Winter can be an exceptional time to visit Great Basin National Park, with the anticipation of snowshoeing and cross-country skiing activities. Many hiking trails offer great terrain for these sports, and although Wheeler Peak Scenic Drive is closed to vehicular traffic, skiers will find it perfect for laying tracks. Lehman Caves tours are also available year-round.
Where You Can Stay in Great Basin National Park
Great Basin National Park has five developed campgrounds within the park and several primitive sites along Snake Creek Road. None of the sites has hookups and most campsites are first-come, first-serve. If there are none left when you arrive, here are a few options for camping outside the park boundaries:
- Whispering Elms Motel, Campground, and RV Park
Located just outside the park, this campground has full hookups, showers, and other amenities.
- The Border Inn
Located 13 miles from Baker, this campground offers full-service RV sites and pull-throughs.
- Hidden Canyon Guest Ranch
Just 15 miles from Baker, RVers will find campsites and showers available.
As noted above, there are BLM campsites close to the park as well. These are primitive spots, though so keep that in mind.
Getting to and Around Great Basin National Park
Located just south of Highway 50, commonly known as the “Loneliest Road in America,” Great Basin is accessed from Highway 487 to Baker, then Highway 488 into the park.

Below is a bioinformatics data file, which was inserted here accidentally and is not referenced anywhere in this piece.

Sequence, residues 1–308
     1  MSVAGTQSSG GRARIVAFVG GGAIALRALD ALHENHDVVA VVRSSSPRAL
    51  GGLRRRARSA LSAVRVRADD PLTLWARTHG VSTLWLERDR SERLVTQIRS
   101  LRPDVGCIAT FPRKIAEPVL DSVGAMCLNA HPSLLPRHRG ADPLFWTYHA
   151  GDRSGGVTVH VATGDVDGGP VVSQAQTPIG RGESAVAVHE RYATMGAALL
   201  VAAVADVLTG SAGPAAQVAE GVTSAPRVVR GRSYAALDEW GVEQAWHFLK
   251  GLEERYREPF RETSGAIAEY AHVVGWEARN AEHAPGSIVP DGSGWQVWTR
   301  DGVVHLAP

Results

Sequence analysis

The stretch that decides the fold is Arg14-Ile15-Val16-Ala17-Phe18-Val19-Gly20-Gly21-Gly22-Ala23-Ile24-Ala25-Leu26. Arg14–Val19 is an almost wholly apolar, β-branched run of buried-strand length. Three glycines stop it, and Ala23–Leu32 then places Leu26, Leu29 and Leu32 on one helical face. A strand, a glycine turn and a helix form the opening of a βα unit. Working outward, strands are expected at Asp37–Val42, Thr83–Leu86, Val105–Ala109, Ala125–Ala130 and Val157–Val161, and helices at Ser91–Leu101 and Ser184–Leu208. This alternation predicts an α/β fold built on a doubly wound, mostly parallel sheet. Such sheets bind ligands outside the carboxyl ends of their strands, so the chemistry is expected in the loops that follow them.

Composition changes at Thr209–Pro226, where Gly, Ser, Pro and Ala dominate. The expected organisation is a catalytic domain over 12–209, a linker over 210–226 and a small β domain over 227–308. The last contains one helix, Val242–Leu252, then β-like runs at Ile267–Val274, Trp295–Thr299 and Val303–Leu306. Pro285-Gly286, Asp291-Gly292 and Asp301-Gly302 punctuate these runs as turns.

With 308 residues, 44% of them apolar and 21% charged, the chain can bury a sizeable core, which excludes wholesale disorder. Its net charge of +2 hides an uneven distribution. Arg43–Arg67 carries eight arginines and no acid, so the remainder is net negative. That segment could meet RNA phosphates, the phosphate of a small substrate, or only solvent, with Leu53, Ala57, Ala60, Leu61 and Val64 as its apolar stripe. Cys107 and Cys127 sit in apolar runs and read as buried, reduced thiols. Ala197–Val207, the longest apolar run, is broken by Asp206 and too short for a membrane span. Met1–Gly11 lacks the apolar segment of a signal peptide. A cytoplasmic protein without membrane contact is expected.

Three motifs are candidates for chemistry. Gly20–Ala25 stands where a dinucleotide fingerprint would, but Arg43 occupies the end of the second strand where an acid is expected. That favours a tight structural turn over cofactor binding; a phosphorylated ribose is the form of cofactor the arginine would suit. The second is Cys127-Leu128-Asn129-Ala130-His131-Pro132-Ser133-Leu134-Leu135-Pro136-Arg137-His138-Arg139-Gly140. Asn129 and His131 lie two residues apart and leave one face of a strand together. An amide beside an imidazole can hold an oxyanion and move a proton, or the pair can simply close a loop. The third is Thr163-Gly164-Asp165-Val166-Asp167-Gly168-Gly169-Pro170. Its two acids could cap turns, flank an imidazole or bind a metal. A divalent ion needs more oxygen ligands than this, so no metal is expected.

Once inside Great Basin, visitors can traverse Wheeler Peak Scenic Drive throughout the northern region. Any vehicles or trailers longer than 24 feet cannot travel past Upper Lehman Campground. Also, please consider that during winter months, the road is not plowed, so access is limited by the weather.
There are several unimproved roads throughout the park leading to many trailheads for exploring more of the backcountry but many require the use of a four-wheel-drive vehicle.
Don’t Pass It By
There is no argument that Great Basin National Park is one of Mother Nature’s great amusement venues, with caves to explore, mountains to climb and outdoor adventures to pursue in any season. The real question is why haven’t more travelers discovered this understated gem in the national park system?
We urge you to check it out and once you do, we’d love for you to tell others about it. Great Basin deserves to be visited and it’s a park unlike any other in the U.S. or really the world. While we’d love to see you make the trip in an RV, there are plenty of other great ways to go and see the national park, whether you camp in a tent or stay in one of the resorts or hotels nearby. We want to see you get out there and go for it.
Have you ever been to Great Basin National Park? Leave a comment below.